ORLANDO, Fla. - The Morning Star School, a school for special-needs students in Orlando, is now offering a program called The Zones of Regulation schoolwide to help students learn how to manage their emotions.
Behavior analyst Sheri Wantuck said the program gives kids skills they can use from kindergarten into adulthood. Zones of Regulation classifies feelings into four color zones. The goal is always to get back to green.
"So red zone is anger, yelling, body kind of out of control. Blue zone, we call it the rest stop zone. You're tired, bored sick, sleepy, those sort of things. Any of those feelings are valid, any of those zones are OK. it's what you do in those zones and how you get back to the green zone of feeling," Wantuck said.
Wantuck visits each classroom for 30 minutes weekly. Students give examples of how they feel in each zone. For example, in the yellow zone, a person may feel worried, frustrated or silly. Wantuck said lessons involve filling the students' "toolboxes" with techniques to get back to the green zone. That can include deep breathing, or tactile tools like squeeze balls.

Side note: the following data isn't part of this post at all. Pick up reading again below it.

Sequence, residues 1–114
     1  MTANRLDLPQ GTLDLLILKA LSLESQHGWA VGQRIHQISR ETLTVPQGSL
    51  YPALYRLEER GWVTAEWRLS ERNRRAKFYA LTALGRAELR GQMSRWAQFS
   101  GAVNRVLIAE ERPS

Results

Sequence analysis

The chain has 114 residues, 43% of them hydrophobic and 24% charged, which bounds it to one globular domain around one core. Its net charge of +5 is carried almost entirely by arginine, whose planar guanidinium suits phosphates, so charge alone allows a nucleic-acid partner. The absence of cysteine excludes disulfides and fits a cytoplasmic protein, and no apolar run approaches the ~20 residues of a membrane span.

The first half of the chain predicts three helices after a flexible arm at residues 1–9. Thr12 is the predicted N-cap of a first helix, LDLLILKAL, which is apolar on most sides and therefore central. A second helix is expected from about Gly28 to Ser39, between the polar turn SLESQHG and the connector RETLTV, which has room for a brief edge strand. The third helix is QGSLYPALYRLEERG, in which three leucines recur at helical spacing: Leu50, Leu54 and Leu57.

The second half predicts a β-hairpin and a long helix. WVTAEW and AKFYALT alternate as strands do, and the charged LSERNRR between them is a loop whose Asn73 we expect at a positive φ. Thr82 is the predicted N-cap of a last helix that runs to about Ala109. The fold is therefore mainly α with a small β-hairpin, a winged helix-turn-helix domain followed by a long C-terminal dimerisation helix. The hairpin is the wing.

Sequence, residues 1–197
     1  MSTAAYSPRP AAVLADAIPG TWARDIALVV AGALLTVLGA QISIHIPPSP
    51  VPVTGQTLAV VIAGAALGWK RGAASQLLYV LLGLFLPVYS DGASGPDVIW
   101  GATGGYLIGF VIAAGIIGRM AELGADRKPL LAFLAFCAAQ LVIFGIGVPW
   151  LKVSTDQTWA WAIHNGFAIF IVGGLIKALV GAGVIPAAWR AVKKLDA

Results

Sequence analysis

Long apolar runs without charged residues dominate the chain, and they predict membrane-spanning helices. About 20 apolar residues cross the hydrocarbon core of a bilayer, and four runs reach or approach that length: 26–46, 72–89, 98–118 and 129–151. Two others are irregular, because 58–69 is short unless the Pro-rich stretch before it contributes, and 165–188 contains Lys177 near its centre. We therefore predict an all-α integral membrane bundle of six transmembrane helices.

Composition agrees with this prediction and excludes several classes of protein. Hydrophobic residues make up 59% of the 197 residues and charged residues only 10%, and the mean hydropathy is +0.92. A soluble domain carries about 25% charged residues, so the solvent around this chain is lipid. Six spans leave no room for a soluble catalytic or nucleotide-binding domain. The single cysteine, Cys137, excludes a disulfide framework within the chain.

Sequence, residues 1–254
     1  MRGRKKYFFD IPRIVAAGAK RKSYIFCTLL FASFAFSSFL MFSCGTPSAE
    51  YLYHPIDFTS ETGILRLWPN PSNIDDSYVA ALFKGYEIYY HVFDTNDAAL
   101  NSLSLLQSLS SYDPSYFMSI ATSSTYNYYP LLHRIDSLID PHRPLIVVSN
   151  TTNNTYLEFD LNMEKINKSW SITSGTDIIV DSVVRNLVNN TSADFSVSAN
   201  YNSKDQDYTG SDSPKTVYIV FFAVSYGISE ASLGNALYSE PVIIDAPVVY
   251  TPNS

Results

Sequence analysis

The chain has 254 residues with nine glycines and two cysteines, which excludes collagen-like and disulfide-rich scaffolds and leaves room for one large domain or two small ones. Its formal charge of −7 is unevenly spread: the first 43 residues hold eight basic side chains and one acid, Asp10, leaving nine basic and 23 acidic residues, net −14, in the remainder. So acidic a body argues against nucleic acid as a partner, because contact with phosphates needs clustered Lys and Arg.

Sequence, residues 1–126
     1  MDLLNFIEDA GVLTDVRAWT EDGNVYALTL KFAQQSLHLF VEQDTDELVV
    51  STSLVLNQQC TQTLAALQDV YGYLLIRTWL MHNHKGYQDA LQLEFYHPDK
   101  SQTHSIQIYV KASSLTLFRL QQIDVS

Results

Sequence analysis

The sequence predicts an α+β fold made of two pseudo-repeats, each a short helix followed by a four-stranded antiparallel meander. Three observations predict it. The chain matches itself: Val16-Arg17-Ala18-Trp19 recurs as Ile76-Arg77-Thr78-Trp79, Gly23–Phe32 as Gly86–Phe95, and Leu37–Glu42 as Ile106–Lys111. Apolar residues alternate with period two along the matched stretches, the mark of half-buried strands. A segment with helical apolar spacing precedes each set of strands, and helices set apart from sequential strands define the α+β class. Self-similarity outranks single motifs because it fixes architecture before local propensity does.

"That that they can go for a walk. They can go get something to drink. They can talk to their teachers. They can talk to their friends; they're really great about talking to their friends," she said.
"It's a really good idea that my school teaches me that stuff to manage how I feel," student Jonathan Shuker said.
Bonnie Pearson, 17, said she often finds herself in the yellow zone, but it comforts her knowing she can always return to feeling happy.
"It amazes me to see how god is working in her heart to teach people where they're at and how to feel happy," she said.
Wantuck says because the Zones of Regulation is taught schoolwide, parents, teachers and students all use the same language to communicate about feelings.
"It feels great to hear them telling their teacher, 'I'm in the blue zone right now,' and I don't care that they're telling me they're bored. They might be in my lesson and be like, 'I'm in the blue zone I'm so bored,' but it makes me so happy they're able to express that to me."
Wantuck tells us soon the school plans to implement "zen" areas in each classroom for when students feel like they need a break.
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